To stand a chance, he stresses, organisations need a network that is pre-wired for investigation such as capturing as much data as possible, and having forensic software already deployed for that purpose.
Prevention is the best strategy
Stronger identity and data management will be critical in the years ahead, not just to prevent sophisticated supply chain attacks but also the more common scourge of ransomware and phishing attacks that are routinely carried out by criminal gangs.
These two types of threats were also on the radar of CSA’s report, as they continue to disrupt and threaten individuals and organisations in Singapore and around the world.
In Singapore, there were 89 ransomware cases reported to CSA in 2020, a sharp rise of 154 per cent from the 35 cases in 2019.
Instead of indiscriminate, opportunistic attempts, ransomware attacks have evolved into more targeted “Big Game Hunting (BGH)”, that is, targeting large businesses in hope of higher ransom pay-outs, CSA has warned.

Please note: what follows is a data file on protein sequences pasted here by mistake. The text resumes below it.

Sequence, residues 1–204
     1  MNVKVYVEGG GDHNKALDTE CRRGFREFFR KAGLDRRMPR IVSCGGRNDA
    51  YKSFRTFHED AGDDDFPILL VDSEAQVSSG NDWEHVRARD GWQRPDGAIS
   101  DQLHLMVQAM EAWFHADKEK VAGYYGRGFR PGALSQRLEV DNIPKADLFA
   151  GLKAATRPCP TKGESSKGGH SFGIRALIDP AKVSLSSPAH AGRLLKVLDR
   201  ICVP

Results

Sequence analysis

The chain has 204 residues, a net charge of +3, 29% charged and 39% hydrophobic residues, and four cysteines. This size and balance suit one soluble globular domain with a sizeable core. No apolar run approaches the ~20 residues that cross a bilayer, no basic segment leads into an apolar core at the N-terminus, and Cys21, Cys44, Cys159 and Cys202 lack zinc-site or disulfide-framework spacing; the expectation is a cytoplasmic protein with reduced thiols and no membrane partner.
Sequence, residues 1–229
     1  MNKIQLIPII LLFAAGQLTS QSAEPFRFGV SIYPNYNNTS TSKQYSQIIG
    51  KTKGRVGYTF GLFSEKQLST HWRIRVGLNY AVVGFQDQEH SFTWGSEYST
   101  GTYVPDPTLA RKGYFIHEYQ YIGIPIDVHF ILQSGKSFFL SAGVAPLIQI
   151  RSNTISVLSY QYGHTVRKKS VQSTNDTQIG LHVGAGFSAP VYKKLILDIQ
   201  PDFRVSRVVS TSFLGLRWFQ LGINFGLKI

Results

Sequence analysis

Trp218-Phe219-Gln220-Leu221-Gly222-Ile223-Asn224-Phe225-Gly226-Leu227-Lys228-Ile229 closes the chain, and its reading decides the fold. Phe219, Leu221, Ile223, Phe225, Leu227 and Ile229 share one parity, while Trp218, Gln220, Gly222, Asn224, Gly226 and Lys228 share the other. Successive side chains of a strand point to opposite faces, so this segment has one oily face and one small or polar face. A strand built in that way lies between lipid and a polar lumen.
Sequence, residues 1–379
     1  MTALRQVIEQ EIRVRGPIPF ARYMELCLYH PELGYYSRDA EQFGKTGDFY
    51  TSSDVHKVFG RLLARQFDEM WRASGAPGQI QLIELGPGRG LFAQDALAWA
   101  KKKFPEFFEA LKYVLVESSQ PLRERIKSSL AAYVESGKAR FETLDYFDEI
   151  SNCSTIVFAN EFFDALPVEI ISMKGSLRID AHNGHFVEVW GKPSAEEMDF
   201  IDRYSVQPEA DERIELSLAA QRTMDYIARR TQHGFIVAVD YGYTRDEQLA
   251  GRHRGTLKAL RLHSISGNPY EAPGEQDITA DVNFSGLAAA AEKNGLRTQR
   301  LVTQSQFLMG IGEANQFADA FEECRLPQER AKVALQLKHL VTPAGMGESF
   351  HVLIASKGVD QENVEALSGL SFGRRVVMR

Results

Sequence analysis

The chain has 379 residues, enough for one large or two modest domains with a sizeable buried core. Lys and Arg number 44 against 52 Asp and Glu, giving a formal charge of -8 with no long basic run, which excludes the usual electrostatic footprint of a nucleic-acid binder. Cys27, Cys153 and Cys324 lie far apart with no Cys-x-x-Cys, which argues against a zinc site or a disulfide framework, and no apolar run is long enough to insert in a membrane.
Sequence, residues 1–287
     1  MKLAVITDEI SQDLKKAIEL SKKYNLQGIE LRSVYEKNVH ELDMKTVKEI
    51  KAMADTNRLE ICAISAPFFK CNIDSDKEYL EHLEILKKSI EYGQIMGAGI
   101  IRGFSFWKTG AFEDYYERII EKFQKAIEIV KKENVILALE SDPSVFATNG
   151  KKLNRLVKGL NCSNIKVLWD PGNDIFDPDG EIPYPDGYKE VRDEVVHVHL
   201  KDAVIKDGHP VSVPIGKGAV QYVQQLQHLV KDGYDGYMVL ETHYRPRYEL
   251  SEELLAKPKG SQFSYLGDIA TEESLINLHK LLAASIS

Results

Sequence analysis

Key to improved cyber security is collaboration. For example, gaining insights from the experience of other organisations that have faced cyber attacks would enable one to better prepare one’s defences.
“A complacent and compliance mindset that is not focused on security outcomes is a major problem,” says Mr Lee Fook Sun, chairman of Ensign InfoSecurity. “And, it need not be prohibitively costly to implement a clever cyber defence system that is effective if we are focused on the security outcomes that we want to achieve.”
To discuss supply chain attacks and the latest in cyber security, some of the world’s foremost experts, from both the public and private sectors, will be speaking at the GovWare Conference from Oct 5 to 7 this year.